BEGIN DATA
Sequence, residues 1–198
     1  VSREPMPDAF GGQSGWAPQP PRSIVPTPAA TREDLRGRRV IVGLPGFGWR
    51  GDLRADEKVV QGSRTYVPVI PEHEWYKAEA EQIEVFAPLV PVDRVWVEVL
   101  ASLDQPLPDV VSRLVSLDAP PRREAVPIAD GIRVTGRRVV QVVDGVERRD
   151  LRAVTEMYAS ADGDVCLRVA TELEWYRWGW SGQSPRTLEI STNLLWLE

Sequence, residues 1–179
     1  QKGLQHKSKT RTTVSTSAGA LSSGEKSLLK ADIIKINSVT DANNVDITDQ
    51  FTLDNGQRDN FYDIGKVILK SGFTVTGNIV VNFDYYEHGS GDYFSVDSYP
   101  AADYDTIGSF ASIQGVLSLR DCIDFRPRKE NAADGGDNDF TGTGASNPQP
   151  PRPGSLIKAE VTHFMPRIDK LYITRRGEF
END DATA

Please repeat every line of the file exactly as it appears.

Sequence, residues 1–198
     1  VSREPMPDAF GGQSGWAPQP PRSIVPTPAA TREDLRGRRV IVGLPGFGWR
    51  GDLRADEKVV QGSRTYVPVI PEHEWYKAEA EQIEVFAPLV PVDRVWVEVL
   101  ASLDQPLPDV VSRLVSLDAP PRREAVPIAD GIRVTGRRVV QVVDGVERRD
   151  LRAVTEMYAS ADGDVCLRVA TELEWYRWGW SGQSPRTLEI STNLLWLE

Sequence, residues 1–179
     1  QKGLQHKSKT RTTVSTSAGA LSSGEKSLLK ADIIKINSVT DANNVDITDQ
    51  FTLDNGQRDN FYDIGKVILK SGFTVTGNIV VNFDYYEHGS GDYFSVDSYP
   101  AADYDTIGSF ASIQGVLSLR DCIDFRPRKE NAADGGDNDF TGTGASNPQP
   151  PRPGSLIKAE VTHFMPRIDK LYITRRGEF